The Commuter – movie reviewby Russell Baillie
A desperate salesman takes on a mysterious commuter’s challenge.
No, he’s on the rush-hour train from Manhattan’s Grand Central Station to his home half an hour up the Hudson River. No, his character, Michael McCauley, isn’t that different to his previous action blokes, but at least he’s got a smaller carbon footprint.
He’s also man with a particular set of bills. McCauley has been selling insurance since leaving the NYPD and taking a financial beating in 2008. He’s five years from retirement, but he and his wife remain heavily mortgaged and are struggling to pay for their son’s impending college fees.
One day, he’s suddenly laid off. So when a stranger (Vera Farmiga) on his train home offers him $100,000 to put a tracking device on a mystery passenger, he’s easily tempted. But his momentary lapse leads to murder, threats against his family and petty theft – the film nicks bits of other movies ranging from Strangers on a Train to Spartacus.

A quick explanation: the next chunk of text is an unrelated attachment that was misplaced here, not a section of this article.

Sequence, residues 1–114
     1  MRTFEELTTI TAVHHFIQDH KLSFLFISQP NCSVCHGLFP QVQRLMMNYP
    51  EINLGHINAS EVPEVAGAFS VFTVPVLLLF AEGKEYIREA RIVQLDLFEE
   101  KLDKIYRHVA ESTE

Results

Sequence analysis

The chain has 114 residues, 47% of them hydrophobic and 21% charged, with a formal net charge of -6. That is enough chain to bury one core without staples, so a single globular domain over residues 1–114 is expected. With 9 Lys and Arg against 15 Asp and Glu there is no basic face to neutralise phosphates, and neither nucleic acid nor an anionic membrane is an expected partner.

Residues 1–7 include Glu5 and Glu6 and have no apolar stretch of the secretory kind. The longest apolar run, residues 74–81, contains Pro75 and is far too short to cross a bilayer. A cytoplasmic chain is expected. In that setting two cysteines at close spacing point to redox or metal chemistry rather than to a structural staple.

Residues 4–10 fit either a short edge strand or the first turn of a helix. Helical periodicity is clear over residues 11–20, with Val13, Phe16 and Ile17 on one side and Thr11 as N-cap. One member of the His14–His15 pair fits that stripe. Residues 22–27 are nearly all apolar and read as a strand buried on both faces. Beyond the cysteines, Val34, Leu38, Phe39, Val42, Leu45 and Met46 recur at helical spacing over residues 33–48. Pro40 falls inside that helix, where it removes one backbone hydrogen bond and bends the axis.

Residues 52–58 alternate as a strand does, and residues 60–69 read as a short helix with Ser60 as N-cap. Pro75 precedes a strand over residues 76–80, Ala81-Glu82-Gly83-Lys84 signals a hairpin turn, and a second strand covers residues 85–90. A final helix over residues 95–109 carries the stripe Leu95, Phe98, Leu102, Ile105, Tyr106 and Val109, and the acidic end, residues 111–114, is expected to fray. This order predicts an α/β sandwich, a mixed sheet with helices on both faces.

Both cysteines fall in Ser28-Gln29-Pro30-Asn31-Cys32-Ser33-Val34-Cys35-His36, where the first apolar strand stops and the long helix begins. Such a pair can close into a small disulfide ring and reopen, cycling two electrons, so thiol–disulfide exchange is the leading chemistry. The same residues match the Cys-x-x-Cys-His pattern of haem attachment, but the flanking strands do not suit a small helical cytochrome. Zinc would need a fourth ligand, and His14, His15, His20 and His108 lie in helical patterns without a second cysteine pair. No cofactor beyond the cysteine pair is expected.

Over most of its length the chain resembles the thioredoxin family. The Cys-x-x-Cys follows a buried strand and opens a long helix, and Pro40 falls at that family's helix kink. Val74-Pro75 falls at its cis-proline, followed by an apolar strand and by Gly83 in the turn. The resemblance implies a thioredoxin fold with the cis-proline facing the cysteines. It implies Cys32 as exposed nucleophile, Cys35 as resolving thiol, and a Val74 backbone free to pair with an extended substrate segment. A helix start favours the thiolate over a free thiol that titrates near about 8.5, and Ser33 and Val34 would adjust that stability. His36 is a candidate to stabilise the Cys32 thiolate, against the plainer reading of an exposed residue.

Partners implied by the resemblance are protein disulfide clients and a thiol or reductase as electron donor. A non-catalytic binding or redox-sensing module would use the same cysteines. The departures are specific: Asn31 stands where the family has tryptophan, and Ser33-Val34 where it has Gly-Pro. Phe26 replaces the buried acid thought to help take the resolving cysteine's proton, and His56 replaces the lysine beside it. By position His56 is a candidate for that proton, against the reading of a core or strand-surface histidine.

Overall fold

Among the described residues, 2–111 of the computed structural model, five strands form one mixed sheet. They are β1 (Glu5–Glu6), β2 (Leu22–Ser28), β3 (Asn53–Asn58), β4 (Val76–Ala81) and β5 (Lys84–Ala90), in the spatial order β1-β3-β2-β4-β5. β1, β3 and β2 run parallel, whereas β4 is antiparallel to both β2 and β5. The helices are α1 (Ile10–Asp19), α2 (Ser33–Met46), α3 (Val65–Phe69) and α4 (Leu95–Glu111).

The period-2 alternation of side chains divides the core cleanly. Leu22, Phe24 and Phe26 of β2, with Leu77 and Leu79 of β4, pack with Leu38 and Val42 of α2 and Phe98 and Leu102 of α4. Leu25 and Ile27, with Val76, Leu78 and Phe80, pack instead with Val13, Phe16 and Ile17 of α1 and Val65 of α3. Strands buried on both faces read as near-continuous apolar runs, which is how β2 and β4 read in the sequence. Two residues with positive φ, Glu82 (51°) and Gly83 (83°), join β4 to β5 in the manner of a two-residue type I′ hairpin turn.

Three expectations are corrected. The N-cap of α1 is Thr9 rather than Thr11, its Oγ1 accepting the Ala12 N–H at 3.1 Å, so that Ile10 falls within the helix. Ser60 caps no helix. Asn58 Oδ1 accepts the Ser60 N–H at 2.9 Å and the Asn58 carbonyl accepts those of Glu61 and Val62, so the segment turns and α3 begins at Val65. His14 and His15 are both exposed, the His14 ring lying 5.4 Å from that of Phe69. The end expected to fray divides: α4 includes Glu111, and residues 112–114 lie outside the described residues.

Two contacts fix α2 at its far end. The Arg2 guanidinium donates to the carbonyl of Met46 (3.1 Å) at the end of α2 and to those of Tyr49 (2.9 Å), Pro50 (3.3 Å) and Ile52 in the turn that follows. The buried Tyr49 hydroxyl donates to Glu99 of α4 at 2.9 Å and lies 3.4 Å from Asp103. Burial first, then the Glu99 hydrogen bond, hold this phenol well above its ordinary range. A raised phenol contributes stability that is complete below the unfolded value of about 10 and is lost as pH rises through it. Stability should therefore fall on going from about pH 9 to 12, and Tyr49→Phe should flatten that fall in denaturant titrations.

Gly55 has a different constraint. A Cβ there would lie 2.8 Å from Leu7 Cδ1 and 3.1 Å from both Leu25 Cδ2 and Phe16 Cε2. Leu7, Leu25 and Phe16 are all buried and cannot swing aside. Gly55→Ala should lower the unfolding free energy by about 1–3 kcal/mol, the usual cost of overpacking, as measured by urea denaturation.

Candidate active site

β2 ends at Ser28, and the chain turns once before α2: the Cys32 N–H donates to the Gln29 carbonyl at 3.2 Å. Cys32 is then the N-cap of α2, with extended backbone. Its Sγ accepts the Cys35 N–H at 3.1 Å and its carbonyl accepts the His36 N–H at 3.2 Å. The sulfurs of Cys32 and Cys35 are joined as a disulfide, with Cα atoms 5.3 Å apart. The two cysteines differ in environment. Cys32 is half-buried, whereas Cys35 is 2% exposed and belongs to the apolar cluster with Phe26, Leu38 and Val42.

It starts off well, with a suspenseful first hour that has good fun with Neeson, in his usual grizzled form, making convincing work of the seemingly preposterous set-up.
But at some point, the mystery runs out of puff, the generic action takes over and it’s full steam ahead to a spectacularly stupid ending.
It’s not without visual flair, with Collet-Serra making the commuter experience feel authentic and claustrophobic. But his greatest bit of movie trickery is possibly unintended – turning so many passenger carriages into a lumbering freight train of red herrings.
Video: STUDIOCANAL New Zealand
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This article was first published in the February 3, 2018 issue of the New Zealand Listener.
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